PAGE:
From Middle English quenchen, from Old English cwenċan, acwenċan, from Proto-Germanic *kwankijaną.


  • IPA(key): /kwɛnt͡ʃ/
  • (file)
  • Rhymes: -ɛntʃ


quench (third-person singular simple present quenches, present participle quenching, simple past and past participle quenched)

  1. (transitive) To satisfy, especially an actual or figurative thirst.
    The library quenched her thirst for knowledge.
    Synonyms: appease, slake
  2. (transitive) To extinguish or put out (as a fire or light).
    • 1798, Francisco de Quevedo, Fortune in Her Wits, and the Hour of All Men[1], volume 3, Edinburgh, translation of La fortuna con seso, y La hora de todos, pages 130–131:
      [] others ſaying, the fire would ceaſe as ſoon as it had vent, uncovered a great part of the houſe, breaking down the roofs, and destroying all that ſtood in their way. None of them went about to quench the fire, but all were employed in pulling down the houſe,  []
  3. (transitive, metallurgy) To cool rapidly by dipping into a bath of coolant, as a blacksmith quenching hot iron.
    The swordsmith quenched the sword in an oil bath so that it wouldn't shatter.
  4. (transitive, chemistry) To terminate or greatly diminish (a chemical reaction) by destroying or deforming the remaining reagents.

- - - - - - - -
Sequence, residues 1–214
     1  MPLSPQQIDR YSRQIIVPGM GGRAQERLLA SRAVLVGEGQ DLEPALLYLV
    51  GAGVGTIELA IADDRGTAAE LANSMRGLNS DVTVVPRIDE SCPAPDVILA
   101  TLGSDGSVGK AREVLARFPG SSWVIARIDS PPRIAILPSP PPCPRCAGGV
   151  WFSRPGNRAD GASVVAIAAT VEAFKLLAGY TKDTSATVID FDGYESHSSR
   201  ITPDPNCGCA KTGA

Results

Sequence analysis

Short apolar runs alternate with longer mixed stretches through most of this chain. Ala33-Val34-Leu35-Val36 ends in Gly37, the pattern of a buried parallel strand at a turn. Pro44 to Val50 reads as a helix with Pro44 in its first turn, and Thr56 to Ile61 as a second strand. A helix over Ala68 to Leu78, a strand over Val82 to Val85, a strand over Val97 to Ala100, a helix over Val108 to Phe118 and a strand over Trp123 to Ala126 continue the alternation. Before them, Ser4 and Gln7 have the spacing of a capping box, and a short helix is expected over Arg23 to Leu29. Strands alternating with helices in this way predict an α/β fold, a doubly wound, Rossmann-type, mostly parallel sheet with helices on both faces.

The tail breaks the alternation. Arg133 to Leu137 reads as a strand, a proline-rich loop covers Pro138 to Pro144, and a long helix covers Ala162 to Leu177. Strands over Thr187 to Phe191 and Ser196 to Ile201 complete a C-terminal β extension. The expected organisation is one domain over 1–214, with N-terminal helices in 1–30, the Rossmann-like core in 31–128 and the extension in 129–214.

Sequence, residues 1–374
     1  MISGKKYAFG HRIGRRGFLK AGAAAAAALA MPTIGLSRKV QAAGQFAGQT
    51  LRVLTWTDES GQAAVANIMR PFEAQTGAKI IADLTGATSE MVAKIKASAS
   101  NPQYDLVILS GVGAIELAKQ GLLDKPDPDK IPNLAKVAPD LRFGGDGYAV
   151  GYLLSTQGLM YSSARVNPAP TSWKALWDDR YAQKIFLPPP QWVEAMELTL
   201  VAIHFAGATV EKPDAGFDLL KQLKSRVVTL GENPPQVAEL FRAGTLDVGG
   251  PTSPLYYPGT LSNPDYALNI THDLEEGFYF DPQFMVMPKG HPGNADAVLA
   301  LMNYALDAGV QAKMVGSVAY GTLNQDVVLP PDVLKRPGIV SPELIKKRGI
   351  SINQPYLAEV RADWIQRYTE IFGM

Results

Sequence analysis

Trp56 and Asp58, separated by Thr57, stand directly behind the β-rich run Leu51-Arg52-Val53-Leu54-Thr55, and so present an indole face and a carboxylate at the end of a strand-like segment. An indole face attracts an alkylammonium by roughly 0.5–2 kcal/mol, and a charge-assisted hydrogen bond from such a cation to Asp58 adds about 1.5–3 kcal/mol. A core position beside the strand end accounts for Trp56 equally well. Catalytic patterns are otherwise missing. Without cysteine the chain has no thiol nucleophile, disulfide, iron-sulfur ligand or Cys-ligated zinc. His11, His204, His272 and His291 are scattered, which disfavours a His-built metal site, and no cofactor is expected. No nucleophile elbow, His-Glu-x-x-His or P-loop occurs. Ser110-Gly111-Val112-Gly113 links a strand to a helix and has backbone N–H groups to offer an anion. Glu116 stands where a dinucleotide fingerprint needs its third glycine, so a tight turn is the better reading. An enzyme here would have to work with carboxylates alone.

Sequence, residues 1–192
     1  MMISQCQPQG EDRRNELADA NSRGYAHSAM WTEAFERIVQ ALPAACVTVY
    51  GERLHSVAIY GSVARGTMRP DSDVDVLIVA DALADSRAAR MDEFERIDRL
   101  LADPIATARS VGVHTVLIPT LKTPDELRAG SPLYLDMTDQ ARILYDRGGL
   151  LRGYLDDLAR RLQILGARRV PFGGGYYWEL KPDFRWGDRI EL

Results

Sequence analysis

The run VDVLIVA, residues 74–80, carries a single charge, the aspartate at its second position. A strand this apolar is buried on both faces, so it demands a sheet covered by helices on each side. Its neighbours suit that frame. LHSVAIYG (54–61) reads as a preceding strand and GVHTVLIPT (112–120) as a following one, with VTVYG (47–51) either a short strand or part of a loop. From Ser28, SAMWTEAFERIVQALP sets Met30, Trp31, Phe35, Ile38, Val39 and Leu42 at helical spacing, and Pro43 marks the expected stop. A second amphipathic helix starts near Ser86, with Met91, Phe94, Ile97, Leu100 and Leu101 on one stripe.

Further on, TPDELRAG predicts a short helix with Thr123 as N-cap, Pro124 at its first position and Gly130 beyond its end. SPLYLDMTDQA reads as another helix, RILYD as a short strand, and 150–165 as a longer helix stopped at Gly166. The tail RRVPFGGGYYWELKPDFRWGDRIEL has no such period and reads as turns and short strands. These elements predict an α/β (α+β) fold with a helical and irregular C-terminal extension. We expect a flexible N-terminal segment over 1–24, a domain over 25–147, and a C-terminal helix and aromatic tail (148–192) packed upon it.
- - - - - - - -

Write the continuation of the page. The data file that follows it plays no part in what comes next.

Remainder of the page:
5. (transitive, physics) To rapidly change the parameters of a physical system.
    • 2018, “Strong quenches in the one-dimensional Fermi-Hubbard model”, in Physical Review A[2], volume 98, DOI:10.1103/PhysRevA.98.033602, page 1:
      A suitable method to prepare a system out of equilibrium in order to study the ensuing dynamics is to quench the system, i.e., to change its parameters abruptly.
  6. (transitive, physics) To rapidly terminate the operation of a superconducting electromagnet by causing part or all of the magnet's windings to enter the normal, resistive state.
    If someone is pinned against the MRI magnet by a ferromagnetic object, you may need to quench the magnet in order to free them.



quench (plural quenches)

  1. (physics) The abnormal termination of operation of a superconducting magnet, occurring when part of the superconducting coil enters the normal (resistive) state.
  2. (physics) A rapid change of the parameters of a physical system.